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dc.contributorBagot, K.en_US
dc.contributorCadilhac, D.en_US
dc.contributorBernard, S.en_US
dc.contributorKim, J.en_US
dc.contributorCoupland, T.en_US
dc.contributorPearce, W.en_US
dc.contributorPutland, M.en_US
dc.contributorBudge, M.en_US
dc.contributorNaduratu, V.en_US
dc.contributorPearce, Debraen_US
dc.contributorHall, H.en_US
dc.contributorHocking, G.en_US
dc.contributorKelly, Benen_US
dc.contributorSpencer, Angieen_US
dc.contributorChapman, Paulineen_US
dc.contributorOqueli, Ernestoen_US
dc.contributorSahathevan, Rameshen_US
dc.contributorKraemer, Thomasen_US
dc.contributorStub, Dionen_US
dc.contributorBladin, C.en_US
dc.description.abstractDelivery of time-critical stroke care requires rapid assessment, diagnosis and treatment, involving multiple clinicians. However, disparate communication systems exist between in-field paramedics and hospital clinicians, with variation for in and out of hours presentations. Repetition of patient information and fragmented systems may contribute to delayed processes. Aim: To determine if smartphone communication technology can improve clinical care timelines for patients with suspected acute stroke in and out of hours. Methods: A 12 month pre-post historical-control design was used. The PulsaraTM Stop Stroke/STEMI smartphone and tablet app (Pulsara) was implemented in 25 Ambulance Victoria branches and 2 hospitals in rural Victoria, Australia, during 2016/2017. Pulsara provides secure, simultaneous, two-way, real-time communication. Eligible patients had suspected acute stroke as assessed by paramedics or hospital clinicians. Analyses compare timelines (median minutes) for when Pulsara is (Pulsara+), or is not (Pulsara-), used by clinicians in hours (08:00-17:00; IH) and out of hours (17:01-07:59; OH). Results: Pulsara was used in 80% (210/265) of cases. Using Pulsara, patients are off-ambulance stretcher 5 minutes faster (10 minutes Pulsara+ vs 15 minutes Pulsara- ; p=0.23), and depart hospital 4 minutes faster (11 minutes Pulsara+ vs 15 minutes Pulsara- ; p=0.02). The time to first medical review is similar IH (7 minutes), but 7 minutes faster OH (7 minutes Pulsara+ vs 14 minutes Pulsara-; p=.03). Time to CT scan is 40 minutes faster IH (27 minutes Pulsara+ vs 67 minutes Pulsara- ; p=.02), and 29 minutes faster OH (29 minutes Pulsara+ vs 58 minutes Pulsara- ; p=.0001). Pulsara was used on all cases receiving thrombolysis. Compared to the pre-Pulsara period, when Pulsara was used the proportion treated within 60 minutes increased from 9% (1/11) to 23% (3/13) during in hours, and from 13% (2/15) to 26% (7/27) out of hours. Conclusion: The use of Pulsara improved hospital metrics and care timelines for treatment of patients with suspected stroke. There is a two-fold increase of patients treated within 60 minutes in hours, and also out of hours (when staffing levels are less). Pulsara has significantly improved stroke care in these two rural hospitals.en_US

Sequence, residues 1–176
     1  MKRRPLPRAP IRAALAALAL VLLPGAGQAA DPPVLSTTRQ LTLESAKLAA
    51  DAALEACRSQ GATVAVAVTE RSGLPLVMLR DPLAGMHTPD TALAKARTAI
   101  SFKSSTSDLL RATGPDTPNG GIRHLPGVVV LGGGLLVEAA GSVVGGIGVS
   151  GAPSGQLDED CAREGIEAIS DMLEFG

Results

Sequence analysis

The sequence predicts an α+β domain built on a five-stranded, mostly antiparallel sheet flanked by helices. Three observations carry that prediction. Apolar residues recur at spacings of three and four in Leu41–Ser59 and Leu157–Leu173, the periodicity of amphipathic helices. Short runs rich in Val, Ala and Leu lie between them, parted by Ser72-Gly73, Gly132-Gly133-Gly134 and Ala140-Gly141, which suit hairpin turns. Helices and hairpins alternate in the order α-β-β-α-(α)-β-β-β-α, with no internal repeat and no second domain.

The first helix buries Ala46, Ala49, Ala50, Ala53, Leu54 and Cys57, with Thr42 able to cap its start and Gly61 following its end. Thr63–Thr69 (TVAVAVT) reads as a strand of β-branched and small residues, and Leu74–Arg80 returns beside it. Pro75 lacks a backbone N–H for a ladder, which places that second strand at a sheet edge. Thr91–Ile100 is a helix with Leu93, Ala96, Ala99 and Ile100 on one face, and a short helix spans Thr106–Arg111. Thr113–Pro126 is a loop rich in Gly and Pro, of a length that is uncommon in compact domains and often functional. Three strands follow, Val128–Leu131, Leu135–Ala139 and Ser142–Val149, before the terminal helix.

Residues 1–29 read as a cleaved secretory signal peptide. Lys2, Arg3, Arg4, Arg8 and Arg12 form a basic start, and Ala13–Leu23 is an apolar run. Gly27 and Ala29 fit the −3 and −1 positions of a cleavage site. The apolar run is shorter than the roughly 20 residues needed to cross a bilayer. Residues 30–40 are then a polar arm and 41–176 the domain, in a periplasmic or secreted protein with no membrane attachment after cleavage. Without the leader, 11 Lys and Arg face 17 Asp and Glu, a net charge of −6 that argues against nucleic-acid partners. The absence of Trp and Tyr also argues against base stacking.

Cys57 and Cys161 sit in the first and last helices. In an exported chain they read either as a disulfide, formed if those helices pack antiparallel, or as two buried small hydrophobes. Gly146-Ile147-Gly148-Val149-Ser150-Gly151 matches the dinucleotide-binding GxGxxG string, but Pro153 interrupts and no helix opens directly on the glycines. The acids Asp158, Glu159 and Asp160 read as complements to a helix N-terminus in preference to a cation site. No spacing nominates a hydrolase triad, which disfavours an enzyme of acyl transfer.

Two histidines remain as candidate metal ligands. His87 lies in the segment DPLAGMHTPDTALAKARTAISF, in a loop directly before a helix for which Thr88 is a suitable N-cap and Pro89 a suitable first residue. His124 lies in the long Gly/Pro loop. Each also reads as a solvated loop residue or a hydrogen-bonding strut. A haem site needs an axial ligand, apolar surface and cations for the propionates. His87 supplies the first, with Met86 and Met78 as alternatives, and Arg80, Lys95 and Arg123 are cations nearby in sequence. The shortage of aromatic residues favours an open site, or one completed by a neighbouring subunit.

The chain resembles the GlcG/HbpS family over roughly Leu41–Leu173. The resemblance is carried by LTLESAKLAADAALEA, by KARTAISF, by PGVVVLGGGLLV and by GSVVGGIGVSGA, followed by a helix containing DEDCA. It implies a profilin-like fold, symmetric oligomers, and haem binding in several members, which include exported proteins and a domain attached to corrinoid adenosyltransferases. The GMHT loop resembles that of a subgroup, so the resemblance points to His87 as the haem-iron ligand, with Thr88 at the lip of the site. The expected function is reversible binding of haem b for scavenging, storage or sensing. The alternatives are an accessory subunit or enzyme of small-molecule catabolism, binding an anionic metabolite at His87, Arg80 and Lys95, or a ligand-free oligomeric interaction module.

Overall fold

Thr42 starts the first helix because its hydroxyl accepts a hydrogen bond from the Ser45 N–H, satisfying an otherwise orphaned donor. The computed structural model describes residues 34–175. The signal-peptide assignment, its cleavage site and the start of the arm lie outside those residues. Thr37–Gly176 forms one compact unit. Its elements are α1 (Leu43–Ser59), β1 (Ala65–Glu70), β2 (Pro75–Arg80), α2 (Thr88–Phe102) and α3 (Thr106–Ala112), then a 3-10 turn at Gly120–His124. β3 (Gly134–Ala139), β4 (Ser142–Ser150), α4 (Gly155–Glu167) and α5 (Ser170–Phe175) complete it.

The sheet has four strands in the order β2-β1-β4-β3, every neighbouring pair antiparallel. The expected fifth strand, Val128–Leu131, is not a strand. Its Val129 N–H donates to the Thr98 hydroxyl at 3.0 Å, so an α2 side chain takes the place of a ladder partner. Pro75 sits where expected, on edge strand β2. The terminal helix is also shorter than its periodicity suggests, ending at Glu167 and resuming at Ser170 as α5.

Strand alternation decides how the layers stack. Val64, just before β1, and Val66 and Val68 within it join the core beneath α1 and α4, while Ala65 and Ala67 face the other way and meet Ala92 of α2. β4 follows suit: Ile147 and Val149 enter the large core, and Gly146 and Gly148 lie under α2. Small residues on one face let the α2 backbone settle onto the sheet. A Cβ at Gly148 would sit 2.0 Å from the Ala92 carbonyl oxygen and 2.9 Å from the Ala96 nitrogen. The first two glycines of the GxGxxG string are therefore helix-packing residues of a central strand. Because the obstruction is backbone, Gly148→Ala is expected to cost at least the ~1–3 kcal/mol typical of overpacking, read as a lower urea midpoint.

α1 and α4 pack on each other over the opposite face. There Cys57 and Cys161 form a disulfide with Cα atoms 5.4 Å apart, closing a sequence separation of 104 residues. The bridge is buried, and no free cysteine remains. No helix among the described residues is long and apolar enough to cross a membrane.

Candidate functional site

dc.description.provenanceSubmitted by Gemma Siemensma ( on 2019-04-02T04:11:51Z No. of bitstreams: 0en
dc.description.provenanceApproved for entry into archive by Gemma Siemensma ( on 2019-04-05T01:44:32Z (GMT) No. of bitstreams: 0en
dc.description.provenanceMade available in DSpace on 2019-04-05T01:44:32Z (GMT). No. of bitstreams: 0 Previous issue date: 2019en
dc.titleImproving treatment within the golden hour in and out of hours with a multi-disciplinary pre-hospital, within-hospital communication system.en_US
dc.bibliographicCitation.conferencedateFebruary 6-8en_US
dc.bibliographicCitation.conferencenameInternational Stroke Conferenceen_US
dc.bibliographicCitation.conferenceplaceHawaii, USAen_US
dc.subject.healththesaurusPULSARA APPen_US
dc.subject.healththesaurusIMPROVED CARE TIME LINESen_US
dc.subject.healththesaurusSTROKE CAREen_US
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